Much as I enjoyed reading the stories in this collection, I am forced to admit that some of them could have been longer pieces. But to do so would be to question the author’s liberty and thus engage in criticism that deviates from the norm. Ojaide’s stories, a collection far more improved when compared to God’s Medicine Men and Other Stories, his first collection, leaves us with some food for thought. His language is sophisticated, something already echoed by novelist Chimamanda Ngozi Adichie who says Ojaide writes beautifully. In the same vein, I believe readers will find the beauty in these stories that crisscross a range of themes including greed, pride, myths, culture and family conflicts, witchcraft, and the impact of fate on people’s lives.  SLQ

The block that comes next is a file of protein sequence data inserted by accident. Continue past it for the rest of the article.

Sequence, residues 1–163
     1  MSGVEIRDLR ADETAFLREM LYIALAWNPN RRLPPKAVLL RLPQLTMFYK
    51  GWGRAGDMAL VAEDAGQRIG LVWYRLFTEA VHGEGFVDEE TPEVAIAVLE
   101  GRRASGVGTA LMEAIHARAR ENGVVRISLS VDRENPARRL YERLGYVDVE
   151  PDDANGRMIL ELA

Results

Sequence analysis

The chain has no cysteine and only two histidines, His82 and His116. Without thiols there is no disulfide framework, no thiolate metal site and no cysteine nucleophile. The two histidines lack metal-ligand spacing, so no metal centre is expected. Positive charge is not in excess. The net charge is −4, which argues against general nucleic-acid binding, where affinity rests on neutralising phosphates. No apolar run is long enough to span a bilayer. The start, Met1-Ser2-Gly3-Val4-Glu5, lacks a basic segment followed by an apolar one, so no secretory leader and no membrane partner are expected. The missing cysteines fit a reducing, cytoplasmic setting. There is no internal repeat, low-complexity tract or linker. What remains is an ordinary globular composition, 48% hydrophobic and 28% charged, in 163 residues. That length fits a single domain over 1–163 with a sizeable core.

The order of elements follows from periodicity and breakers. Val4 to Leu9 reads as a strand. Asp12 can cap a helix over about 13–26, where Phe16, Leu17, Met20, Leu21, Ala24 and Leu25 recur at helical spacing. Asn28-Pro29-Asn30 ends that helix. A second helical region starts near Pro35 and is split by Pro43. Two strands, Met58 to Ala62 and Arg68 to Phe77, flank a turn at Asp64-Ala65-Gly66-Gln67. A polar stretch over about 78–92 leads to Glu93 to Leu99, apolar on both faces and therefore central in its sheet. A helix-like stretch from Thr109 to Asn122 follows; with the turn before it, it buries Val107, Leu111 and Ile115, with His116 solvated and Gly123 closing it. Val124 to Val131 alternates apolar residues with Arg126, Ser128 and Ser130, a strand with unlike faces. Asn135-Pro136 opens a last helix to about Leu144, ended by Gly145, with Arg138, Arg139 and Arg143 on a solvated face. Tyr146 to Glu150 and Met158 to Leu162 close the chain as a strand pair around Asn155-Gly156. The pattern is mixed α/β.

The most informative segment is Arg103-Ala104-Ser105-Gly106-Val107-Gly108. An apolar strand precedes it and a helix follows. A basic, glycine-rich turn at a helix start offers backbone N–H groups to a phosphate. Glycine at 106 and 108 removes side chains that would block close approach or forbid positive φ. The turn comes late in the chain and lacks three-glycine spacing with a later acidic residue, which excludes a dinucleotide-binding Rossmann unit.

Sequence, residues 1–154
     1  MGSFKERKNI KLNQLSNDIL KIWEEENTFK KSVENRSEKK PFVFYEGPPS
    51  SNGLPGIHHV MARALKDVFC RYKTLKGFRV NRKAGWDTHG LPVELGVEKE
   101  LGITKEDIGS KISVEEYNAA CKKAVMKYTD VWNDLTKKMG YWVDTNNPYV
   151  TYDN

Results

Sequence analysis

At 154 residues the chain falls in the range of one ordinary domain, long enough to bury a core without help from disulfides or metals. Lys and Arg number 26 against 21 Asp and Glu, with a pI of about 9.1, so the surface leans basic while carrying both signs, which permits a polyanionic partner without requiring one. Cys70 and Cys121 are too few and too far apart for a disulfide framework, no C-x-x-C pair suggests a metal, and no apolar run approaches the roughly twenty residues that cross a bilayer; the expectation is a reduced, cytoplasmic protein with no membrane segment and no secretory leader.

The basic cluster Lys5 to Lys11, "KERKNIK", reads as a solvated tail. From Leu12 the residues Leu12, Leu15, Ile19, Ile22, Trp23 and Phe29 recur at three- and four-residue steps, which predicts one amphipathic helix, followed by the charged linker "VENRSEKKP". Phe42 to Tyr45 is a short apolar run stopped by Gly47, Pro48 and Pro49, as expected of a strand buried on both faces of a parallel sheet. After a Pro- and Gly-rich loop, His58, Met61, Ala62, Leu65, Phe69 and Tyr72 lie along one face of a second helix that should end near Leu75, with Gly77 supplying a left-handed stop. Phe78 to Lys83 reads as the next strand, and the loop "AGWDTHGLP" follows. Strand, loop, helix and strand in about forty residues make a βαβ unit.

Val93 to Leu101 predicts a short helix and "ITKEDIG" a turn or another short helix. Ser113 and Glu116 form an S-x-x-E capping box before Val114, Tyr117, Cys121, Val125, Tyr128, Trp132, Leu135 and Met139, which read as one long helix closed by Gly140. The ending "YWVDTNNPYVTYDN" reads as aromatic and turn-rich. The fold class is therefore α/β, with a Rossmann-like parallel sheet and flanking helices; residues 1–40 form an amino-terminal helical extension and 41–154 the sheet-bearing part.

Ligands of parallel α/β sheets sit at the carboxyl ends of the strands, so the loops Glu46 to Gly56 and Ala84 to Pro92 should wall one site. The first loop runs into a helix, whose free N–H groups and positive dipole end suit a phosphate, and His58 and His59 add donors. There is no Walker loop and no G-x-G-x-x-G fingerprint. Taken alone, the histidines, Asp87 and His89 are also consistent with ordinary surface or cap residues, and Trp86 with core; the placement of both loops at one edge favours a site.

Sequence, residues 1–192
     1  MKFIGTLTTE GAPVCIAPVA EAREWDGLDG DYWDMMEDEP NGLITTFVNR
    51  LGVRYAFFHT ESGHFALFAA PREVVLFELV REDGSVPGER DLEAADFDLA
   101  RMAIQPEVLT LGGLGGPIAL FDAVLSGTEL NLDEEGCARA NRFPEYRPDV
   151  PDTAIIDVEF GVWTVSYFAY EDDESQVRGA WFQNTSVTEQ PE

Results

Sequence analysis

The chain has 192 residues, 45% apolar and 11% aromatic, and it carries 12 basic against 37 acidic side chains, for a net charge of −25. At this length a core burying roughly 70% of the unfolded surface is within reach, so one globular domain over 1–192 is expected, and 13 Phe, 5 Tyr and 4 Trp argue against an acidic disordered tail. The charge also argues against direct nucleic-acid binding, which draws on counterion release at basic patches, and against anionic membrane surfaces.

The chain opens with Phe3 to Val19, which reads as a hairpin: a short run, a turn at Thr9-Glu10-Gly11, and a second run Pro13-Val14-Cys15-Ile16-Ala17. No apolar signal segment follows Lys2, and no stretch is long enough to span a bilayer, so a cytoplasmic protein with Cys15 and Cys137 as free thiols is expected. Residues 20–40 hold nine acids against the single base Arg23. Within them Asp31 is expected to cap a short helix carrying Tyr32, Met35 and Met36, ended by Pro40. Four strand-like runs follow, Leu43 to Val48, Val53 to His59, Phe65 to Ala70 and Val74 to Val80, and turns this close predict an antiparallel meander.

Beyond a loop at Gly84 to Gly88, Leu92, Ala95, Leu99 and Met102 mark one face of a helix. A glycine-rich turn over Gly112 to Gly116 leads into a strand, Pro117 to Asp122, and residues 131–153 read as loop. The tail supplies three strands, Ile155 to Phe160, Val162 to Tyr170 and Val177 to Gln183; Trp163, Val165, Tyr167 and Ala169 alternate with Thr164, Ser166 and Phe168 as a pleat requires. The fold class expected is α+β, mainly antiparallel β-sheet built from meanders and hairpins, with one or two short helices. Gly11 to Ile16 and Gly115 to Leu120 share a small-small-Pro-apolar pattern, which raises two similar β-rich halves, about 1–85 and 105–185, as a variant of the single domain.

Dike Okoro, PhD, is a professor of world literature/creative writing at Olive-Harvey College, Chicago, USA. Okoro obtained both his MFA in creative writing and MA in African American Literature from Chicago State University. His poetry collection, Dance of the Heart, was published by Malthouse/ABC Books in 2007. He is the editor of three anthologies of poetry and one selection of contemporary short stories from Africa (Trenton: AWP, forthcoming). As a scholar, he has contributed essays/chapters to Dictionary of Literary Biography: African Writers Series (Detroit: Broccoli Clark Layman 2010) and Emerging Voices of Post Colonial African Literature (New York: Cambria Press 2010).